}

sourceCompatibility = 12
targetCompatibility = 12

repositories {
    mavenCentral()
}

dependencies {
	implementation("org.springframework.boot:spring-boot-starter-web:${springBootVersion}")
}

The main class with Spring REST controller is given below.

package com.roytuts.rest.hello;

import org.springframework.boot.SpringApplication;
import org.springframework.boot.autoconfigure.SpringBootApplication;
import org.springframework.boot.builder.SpringApplicationBuilder;
import org.springframework.boot.web.servlet.support.SpringBootServletInitializer;
import org.springframework.http.HttpStatus;
import org.springframework.http.ResponseEntity;
import org.springframework.web.bind.annotation.GetMapping;
import org.springframework.web.bind.annotation.PathVariable;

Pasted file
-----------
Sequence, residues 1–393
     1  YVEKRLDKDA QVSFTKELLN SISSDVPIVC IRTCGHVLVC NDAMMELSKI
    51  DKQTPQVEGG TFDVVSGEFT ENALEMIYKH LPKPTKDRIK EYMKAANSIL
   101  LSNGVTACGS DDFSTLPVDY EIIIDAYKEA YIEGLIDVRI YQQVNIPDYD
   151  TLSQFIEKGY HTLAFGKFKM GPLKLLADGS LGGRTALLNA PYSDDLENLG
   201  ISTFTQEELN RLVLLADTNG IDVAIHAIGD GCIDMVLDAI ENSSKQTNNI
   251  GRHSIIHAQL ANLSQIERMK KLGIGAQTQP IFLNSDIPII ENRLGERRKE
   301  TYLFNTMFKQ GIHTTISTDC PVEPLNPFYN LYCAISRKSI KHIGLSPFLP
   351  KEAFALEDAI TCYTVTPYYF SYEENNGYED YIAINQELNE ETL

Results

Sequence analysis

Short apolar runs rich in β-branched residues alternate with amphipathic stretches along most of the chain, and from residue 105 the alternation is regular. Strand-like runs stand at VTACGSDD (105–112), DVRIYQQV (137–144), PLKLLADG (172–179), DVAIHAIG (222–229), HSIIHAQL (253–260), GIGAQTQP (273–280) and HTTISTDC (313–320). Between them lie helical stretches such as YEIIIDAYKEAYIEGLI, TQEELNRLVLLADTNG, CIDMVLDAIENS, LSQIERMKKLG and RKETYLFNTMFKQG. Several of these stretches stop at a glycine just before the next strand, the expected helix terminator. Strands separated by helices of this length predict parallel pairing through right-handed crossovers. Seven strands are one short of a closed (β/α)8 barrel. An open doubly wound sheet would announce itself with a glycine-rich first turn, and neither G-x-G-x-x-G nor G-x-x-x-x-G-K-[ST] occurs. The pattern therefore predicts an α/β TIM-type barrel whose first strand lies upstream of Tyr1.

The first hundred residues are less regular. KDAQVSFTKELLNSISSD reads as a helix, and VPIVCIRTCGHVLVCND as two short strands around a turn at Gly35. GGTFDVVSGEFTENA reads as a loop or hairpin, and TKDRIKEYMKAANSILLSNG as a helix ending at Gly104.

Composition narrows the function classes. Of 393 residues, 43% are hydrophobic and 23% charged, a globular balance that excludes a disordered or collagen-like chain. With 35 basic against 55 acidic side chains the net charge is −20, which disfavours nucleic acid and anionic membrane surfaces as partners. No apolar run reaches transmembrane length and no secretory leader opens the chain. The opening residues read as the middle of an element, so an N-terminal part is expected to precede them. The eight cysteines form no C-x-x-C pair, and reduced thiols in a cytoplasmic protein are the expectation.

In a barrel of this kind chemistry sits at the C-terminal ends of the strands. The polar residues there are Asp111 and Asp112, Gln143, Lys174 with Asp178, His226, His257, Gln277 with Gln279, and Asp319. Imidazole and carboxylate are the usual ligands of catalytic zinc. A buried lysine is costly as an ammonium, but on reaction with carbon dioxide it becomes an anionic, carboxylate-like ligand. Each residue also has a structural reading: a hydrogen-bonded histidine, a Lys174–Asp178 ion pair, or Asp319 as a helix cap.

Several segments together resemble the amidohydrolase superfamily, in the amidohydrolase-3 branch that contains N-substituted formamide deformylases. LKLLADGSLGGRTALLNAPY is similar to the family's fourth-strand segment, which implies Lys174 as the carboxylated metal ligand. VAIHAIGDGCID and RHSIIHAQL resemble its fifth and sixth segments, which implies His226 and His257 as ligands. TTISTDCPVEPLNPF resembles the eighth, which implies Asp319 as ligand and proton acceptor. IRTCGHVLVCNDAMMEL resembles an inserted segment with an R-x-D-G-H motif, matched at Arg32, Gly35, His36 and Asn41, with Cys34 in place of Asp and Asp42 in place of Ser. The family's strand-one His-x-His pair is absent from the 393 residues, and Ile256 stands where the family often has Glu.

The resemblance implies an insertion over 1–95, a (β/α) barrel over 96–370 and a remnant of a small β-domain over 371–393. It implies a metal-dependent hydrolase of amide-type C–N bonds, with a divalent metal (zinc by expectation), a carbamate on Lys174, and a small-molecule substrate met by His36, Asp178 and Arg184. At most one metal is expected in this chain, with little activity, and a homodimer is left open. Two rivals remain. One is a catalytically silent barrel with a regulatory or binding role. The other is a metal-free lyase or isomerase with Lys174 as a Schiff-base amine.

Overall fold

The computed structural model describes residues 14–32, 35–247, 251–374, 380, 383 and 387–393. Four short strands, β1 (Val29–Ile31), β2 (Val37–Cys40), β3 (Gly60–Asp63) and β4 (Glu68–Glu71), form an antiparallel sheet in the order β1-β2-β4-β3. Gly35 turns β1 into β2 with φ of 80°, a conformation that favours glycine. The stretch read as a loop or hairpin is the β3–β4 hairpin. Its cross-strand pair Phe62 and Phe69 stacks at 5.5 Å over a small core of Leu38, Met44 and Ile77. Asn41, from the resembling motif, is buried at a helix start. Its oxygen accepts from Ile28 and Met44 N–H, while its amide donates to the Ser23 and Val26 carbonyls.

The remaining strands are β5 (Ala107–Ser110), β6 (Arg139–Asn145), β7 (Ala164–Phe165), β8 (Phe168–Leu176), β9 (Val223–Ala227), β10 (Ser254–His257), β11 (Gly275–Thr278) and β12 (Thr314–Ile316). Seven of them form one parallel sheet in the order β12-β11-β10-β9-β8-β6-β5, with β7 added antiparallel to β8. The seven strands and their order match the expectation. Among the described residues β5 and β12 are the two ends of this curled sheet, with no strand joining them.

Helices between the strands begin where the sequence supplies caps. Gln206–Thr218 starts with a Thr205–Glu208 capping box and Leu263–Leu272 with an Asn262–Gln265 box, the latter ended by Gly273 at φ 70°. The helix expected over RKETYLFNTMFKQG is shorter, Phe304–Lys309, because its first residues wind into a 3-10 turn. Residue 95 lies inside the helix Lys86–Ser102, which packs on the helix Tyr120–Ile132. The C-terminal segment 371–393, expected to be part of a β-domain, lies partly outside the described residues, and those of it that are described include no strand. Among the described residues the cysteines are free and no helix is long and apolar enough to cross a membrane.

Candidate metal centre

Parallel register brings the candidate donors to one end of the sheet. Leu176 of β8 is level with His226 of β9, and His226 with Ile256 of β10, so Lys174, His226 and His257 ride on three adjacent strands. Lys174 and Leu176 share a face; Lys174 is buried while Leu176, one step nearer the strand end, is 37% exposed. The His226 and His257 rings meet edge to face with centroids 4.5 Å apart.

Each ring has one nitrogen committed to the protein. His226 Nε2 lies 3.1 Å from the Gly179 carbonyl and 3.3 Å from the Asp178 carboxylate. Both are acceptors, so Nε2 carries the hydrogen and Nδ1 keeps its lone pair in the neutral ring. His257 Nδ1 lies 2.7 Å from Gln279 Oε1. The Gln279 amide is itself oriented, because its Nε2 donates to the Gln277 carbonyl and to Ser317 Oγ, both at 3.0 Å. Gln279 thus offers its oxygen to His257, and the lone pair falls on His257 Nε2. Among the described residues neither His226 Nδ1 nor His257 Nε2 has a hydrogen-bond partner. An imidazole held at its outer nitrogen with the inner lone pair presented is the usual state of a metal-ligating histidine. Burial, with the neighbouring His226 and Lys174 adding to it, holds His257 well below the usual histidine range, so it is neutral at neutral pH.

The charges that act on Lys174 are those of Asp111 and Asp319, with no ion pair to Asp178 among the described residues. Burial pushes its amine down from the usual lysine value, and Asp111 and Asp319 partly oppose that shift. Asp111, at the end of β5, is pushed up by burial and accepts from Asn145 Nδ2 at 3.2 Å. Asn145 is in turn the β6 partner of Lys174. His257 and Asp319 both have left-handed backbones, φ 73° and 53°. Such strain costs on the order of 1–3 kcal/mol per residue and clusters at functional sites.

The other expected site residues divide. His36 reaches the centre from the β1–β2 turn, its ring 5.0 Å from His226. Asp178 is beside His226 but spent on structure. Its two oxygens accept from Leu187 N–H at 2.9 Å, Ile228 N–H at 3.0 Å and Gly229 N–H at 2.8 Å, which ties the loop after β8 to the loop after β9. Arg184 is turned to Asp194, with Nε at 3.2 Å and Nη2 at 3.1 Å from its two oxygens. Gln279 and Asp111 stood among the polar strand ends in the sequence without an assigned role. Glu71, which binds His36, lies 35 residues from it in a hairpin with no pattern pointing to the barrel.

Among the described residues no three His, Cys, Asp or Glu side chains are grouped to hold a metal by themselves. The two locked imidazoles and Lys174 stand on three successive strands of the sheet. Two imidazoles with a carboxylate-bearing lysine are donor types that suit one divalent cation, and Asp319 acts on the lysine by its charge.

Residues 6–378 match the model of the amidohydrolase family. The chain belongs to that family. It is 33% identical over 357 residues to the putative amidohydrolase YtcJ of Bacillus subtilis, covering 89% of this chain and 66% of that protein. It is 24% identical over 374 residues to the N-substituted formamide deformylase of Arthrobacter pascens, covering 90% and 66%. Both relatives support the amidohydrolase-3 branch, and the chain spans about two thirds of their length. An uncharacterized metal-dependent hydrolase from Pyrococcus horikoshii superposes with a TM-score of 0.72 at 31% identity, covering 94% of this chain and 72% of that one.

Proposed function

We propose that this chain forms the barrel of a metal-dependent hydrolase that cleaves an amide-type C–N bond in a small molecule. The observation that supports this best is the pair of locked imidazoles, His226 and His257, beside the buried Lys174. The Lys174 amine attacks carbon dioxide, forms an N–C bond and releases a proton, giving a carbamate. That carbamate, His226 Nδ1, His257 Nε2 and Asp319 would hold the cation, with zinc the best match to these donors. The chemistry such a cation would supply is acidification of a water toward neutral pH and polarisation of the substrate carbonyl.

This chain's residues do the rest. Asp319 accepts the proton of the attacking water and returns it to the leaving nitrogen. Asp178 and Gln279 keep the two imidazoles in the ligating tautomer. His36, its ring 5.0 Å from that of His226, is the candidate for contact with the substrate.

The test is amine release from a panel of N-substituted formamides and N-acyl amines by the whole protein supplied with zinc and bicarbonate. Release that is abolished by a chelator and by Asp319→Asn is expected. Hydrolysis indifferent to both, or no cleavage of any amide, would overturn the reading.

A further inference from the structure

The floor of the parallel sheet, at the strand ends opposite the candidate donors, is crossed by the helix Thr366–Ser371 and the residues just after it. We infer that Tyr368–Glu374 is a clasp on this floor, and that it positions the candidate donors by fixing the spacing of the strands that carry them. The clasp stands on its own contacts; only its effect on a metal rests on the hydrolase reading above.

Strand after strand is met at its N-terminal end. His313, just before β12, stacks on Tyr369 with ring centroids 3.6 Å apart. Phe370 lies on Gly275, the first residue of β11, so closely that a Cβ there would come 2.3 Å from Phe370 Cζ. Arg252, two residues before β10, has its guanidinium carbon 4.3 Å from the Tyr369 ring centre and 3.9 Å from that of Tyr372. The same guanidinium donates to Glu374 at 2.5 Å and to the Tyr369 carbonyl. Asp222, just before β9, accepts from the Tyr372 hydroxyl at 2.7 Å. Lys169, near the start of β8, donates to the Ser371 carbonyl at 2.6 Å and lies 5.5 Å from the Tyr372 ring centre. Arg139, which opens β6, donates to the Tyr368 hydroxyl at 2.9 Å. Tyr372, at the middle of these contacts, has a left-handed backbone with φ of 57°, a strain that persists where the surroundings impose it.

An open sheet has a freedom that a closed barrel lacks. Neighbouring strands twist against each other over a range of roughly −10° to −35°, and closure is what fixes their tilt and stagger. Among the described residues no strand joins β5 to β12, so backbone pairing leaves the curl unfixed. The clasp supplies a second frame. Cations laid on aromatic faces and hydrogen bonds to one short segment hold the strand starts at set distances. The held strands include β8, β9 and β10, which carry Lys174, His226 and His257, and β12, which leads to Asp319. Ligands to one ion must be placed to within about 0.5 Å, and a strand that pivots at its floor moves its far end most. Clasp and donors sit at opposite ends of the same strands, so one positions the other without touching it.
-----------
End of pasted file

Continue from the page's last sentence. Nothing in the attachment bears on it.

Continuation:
import org.springframework.web.bind.annotation.RestController;

@RestController
@SpringBootApplication
public class SpringRestHelloApp extends SpringBootServletInitializer {

    public static void main(String[] args) {
        SpringApplication.run(SpringRestHelloApp.class, args);
    }

    @Override
    protected SpringApplicationBuilder configure(SpringApplicationBuilder application) {
        return application.sources(SpringRestHelloApp.class);
    }

    @GetMapping("/hello/{name}")
    public ResponseEntity<String> hello(@PathVariable String name) {
        return new ResponseEntity<String>("Hello, " + name, HttpStatus.OK);
    }

}